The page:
Most of Ontario's supply is subject to contractual payments (or regulated rates), so the lower the market price, the higher the Global Adjustment rates (there are more than one). As the market HOEP rate drops, customers see the GA rise. The rising line of a bill is a convenient target for inciting anger. Groups as disparate as the Ontario PC party, NDP, Green Party, Greenpeace, Environmental Defence have all referenced the charge as a subsidy. And they aren't the only ones. Google "the global adjustment subsidy" and you'll find hits to this blog!
Which is somewhat unfortunate.
The GA is a measurement of the dysfunction of Ontario's market - meaning the inability of market price signals to coordinate supply and demand. Complaining about the Global Adjustment, in itself, is along the same lines as moaning about the use of Celsius degrees or a passionate hatred of those holding onto the yard measurement.
Too hot outside for your liking. Try using Kelvins.
The economic basics could not be simpler. Supply is high because the contractual prices offered by the government, via the Ontario Power Authority, are high, and firm (made on a must take basis of all generation regardless of value/time).
One cost of having high supply includes the need to dump the generation not consumed locally in external markets (as Parker Gallant and I noted in the Financial Post one year ago).
|Graphed on Cold Air Data site|
The total market is defined by Ontario's system operator as the sum of the output of all generators plus imports. Market demand is set to match this. Similarly, we can estimate the total market value by total market demand at the market rate (HOEP), plus the total global adjustment pot.
In the most recent 12 months (July 2011- June 2012) the Global Adjustment Pot is $6.1 billion; the market recovery at the HOEP rate is only $4 billion (so the GA is 60% of the commodity charge). However, while the GA is up over $5.2 billion since 2008, the total value of the market (GA + HOEP) is up only $453 million.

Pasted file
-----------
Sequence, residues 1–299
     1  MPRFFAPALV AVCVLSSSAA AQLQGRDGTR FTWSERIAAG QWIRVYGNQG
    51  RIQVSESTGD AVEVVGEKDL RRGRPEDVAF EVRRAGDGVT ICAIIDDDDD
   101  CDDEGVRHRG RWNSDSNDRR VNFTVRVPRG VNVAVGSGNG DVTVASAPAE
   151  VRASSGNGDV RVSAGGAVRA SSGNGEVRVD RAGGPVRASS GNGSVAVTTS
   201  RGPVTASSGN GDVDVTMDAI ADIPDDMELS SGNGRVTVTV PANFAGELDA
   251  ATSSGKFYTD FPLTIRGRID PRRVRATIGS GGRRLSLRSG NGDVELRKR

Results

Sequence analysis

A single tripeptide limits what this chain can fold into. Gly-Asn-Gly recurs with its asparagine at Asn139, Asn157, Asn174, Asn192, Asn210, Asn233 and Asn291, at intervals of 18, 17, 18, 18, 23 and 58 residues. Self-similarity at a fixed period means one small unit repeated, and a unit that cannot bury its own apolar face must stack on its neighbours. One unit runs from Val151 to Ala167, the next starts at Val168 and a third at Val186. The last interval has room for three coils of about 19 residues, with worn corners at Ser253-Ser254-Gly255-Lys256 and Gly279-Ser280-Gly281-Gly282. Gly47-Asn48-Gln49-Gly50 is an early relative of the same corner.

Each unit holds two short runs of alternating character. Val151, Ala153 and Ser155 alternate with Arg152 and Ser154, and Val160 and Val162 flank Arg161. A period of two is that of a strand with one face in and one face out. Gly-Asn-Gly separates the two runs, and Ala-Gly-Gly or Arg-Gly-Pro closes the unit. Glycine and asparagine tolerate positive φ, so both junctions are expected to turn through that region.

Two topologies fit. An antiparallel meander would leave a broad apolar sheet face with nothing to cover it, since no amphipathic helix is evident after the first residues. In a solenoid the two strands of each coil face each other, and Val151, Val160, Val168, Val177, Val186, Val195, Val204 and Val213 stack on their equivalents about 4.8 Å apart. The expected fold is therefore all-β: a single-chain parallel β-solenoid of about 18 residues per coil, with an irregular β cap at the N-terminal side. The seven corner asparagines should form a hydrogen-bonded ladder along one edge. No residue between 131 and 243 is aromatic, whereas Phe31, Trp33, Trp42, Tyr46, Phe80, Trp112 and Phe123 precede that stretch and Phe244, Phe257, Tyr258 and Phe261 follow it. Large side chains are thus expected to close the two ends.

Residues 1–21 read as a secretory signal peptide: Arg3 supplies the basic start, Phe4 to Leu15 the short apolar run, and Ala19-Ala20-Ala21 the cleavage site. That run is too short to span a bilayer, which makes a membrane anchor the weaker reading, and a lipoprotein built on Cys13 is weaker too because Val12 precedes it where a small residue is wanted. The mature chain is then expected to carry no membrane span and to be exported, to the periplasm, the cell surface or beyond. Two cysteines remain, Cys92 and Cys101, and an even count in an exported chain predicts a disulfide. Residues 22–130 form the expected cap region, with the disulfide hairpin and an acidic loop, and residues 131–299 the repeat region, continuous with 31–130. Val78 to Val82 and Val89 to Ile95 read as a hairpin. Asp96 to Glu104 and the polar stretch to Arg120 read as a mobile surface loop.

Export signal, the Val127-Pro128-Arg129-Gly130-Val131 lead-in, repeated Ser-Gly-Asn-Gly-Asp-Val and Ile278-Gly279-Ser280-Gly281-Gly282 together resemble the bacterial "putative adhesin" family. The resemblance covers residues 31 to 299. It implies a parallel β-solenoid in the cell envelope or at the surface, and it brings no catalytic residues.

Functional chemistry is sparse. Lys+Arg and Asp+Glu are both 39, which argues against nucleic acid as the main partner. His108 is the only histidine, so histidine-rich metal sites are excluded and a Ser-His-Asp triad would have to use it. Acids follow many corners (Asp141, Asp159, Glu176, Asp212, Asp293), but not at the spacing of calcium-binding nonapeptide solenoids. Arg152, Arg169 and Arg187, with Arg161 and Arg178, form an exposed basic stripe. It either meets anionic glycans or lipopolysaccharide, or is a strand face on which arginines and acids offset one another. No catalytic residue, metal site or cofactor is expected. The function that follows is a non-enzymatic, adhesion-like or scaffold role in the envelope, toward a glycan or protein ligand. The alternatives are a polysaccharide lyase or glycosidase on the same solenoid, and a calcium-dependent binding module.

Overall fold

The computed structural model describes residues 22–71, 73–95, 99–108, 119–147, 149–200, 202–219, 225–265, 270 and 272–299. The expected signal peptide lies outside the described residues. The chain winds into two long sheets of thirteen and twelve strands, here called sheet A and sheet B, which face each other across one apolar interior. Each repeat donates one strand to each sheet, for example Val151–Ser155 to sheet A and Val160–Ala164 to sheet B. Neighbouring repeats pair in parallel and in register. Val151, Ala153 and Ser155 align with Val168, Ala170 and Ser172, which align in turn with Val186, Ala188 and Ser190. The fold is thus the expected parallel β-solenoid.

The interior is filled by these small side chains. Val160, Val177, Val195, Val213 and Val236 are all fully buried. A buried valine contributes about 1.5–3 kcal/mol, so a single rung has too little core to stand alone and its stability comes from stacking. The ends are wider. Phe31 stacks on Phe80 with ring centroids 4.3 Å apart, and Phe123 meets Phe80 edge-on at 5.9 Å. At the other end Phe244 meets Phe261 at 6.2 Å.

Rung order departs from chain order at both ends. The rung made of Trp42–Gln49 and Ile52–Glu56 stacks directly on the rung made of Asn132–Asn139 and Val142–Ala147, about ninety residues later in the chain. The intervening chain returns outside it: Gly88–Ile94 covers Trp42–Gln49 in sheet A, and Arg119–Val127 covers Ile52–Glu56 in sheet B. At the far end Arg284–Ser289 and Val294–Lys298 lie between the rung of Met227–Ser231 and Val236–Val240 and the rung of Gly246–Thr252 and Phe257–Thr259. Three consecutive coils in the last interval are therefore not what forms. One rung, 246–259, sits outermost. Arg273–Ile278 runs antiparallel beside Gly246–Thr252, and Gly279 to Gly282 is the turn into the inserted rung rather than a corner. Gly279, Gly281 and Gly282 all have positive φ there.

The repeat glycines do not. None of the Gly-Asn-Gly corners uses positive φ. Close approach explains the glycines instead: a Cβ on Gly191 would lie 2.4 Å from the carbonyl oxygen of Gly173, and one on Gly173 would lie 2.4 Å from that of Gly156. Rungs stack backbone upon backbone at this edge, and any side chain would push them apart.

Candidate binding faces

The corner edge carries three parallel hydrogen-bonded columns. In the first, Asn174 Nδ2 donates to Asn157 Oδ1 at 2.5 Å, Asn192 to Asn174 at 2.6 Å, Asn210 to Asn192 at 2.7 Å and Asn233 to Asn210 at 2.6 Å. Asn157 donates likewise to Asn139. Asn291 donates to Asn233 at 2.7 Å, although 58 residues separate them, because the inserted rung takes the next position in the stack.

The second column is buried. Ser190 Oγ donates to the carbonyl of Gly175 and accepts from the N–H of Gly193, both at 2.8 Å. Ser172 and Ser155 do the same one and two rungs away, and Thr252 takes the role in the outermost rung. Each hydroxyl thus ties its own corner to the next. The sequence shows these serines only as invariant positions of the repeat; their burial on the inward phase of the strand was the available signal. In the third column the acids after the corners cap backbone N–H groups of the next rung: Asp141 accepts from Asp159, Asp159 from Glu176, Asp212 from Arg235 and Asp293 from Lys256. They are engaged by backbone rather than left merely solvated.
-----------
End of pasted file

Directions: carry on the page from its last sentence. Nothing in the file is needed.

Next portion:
Total market demand is down 10% over that time. After the math, the average cost of a MWh of power inflated 16.5% in the past 4 years - a price that is kept artificially low due to the abuse of the public asset that is Ontario Power Generation (I'll support that statement in an upcoming column)
|Year||Total Market (TWh)||Global Adjustment ($M's)||Total Market Value at HOEP ($M's)||Total ($Millions)||Average Cost/MWh||Class B' Commodity Rate|
|Last 12 Mnths||153.6||$6,144||3,989||10,133||$65.97||$72.86|
The global adjustment could be viewed as contributing to the Class B customer paying 26% more for electricity while the costs for the entire market climbed only 16.5%. That difference is partially due to the need to recover the difference between what is paid, on average, for supply (about $66) and what is received when sold to export customers (~$26/MWh over the past 12 months). It's also explained by demoting most Ontarians to class B status, in order to provide Class A status to Ontario's largest users (some of whom it is simply stupid to confer the special status too - unfortunately for our future, the stupid choices for membership in that elite group include universities).